General Data Protection Regulation
Everyone seems to have a lot of questions around General Data Protection Regulation (GDPR). Here are a few facts that might help you understand what it means.
May 25, 2018.
GDPR is going to mean different things to different companies. If you don’t do business in the European Union (the EU), you may not have much reason to worry about it. On the other side, if you have data about people who reside in the EU, there are quite a few regulations that you have to be compliant with, even if you don’t have any presence in Europe. If you just do business in the EU, but don’t keep any client information, you will likely need to demonstrate a minimum level of compliance, and will likely have to make a few changes to your website.
Some of the fines can be quite severe, especially if you keep client data. Non-compliance can result in penalties of up to 4% of global revenues or 20 million Euros. Typically, these fines will be levied against those who are actively violating the core tenants of data privacy, but even the smaller fines can be quite significant.
Privacy. People in the EU now have the right to be forgotten and no longer have to opt out to not be tracked. They also have the right to know what information companies have about them. Like any law created by committee, this is a big, hairy beast of a law, but it will have the biggest impact on companies who keep information on EU residents—like Google and Facebook. At the same time, though, the law applies to all companies, not just the big ones.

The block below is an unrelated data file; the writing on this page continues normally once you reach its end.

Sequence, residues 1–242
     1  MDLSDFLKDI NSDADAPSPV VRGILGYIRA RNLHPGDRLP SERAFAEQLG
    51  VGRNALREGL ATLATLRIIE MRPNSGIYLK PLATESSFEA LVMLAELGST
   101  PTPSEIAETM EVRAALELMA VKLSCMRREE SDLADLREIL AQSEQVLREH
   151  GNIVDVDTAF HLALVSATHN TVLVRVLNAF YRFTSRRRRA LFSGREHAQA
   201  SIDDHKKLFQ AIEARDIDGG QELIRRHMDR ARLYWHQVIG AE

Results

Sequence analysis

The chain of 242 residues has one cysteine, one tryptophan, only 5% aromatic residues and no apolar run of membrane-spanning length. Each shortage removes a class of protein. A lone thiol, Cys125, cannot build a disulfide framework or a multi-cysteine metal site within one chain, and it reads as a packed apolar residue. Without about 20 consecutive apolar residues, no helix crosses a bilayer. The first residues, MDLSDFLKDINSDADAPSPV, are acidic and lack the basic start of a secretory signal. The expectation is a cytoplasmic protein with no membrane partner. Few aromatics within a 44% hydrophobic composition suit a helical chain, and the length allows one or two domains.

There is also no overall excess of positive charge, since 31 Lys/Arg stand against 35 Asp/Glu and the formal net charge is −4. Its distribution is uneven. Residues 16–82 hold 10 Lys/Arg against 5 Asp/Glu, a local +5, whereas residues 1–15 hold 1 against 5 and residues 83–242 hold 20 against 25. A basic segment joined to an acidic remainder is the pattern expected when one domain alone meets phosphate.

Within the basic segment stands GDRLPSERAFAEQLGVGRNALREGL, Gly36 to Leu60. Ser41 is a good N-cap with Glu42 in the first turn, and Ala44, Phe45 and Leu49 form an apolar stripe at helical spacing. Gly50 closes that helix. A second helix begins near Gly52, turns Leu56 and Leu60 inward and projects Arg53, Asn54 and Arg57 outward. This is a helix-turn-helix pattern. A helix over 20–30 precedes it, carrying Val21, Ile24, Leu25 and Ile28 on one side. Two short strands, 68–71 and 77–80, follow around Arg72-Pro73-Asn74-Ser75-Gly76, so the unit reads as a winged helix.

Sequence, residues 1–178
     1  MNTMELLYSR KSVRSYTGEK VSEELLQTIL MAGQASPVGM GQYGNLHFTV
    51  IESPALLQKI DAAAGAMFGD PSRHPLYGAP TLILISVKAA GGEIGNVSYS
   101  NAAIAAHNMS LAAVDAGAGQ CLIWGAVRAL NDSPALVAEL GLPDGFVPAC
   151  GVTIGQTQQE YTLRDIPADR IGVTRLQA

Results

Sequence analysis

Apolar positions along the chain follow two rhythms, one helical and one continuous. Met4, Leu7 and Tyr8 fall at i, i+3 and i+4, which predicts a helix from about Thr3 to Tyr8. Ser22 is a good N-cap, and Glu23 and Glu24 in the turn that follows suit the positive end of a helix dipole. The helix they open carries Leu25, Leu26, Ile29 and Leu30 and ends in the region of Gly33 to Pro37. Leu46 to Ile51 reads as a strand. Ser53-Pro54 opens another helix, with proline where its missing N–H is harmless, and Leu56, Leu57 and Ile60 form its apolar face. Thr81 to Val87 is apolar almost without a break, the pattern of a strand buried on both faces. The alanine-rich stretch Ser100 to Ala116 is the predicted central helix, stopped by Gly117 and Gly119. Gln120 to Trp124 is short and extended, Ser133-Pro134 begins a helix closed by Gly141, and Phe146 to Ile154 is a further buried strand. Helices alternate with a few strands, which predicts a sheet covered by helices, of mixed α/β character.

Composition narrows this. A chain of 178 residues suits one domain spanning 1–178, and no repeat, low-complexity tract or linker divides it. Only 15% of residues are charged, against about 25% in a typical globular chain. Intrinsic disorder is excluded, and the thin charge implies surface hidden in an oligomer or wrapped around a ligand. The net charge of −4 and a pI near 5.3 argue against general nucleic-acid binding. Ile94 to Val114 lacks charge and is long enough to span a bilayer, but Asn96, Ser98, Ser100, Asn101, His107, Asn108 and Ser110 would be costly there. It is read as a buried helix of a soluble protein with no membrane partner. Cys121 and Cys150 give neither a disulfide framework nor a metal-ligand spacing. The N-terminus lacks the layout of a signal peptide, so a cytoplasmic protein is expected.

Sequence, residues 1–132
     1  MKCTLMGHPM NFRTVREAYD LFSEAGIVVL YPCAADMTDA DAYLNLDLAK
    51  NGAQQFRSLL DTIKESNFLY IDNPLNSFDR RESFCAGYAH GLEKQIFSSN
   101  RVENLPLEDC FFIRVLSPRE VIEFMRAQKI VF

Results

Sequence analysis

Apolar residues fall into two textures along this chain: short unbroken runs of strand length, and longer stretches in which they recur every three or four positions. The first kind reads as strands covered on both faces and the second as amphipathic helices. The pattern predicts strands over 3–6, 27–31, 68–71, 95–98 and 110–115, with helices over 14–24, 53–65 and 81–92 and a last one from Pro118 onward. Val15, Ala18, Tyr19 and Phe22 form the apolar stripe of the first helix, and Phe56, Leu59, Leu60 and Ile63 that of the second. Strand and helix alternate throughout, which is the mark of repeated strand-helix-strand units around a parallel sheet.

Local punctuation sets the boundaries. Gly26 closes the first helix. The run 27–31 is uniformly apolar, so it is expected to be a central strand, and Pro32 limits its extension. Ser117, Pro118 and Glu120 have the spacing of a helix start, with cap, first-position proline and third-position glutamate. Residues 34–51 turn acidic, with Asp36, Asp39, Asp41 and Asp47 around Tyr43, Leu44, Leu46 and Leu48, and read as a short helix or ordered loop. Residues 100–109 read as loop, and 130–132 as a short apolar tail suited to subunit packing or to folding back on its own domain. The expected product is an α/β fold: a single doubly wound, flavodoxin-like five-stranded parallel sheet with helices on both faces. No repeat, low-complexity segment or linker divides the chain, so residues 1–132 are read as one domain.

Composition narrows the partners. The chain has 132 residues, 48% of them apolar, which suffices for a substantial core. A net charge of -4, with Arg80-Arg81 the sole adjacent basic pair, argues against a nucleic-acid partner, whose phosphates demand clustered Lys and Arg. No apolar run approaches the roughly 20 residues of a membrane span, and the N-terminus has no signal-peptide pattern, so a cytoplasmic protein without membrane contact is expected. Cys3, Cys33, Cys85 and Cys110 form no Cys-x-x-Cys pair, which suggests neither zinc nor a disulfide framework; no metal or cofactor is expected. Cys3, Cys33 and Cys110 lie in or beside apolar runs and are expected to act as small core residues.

This isn’t just about credit card information, like PCI. It affects cookies that websites collect, pictures, and anything that might be used to identify a person (including marketing habits just tied to an IP address or an otherwise anonymous visitor). Also, companies cannot collect anything on kids without parental consent. Again, this will likely be most important for Google and Facebook, but all companies who might be doing any business in Europe should make sure their websites are GDPR compliant, especially including publishing a cookie opt in message on their website.
Yes, notification of any breach. If you have any information on any EU residents (and you likely do, if you have any PII on clients) and you have a breach, you have to notify within 72 hours. This is the most stringent notification law we know of. Also, if you keep data on EU residents, you need to show how you are protecting it.
Yes, if your company is domiciled in the US (even if you have an office in the EU), we can help you. We have great expertise in this area, and we’ll help you figure out how to be compliant, hopefully without spending a ton of money. If you are already using our services, GDPR compliance will likely be easy. If not, we can use the process not just for regulatory compliance, but also to ensure that your data is secure not just on paper, but in the real world, too.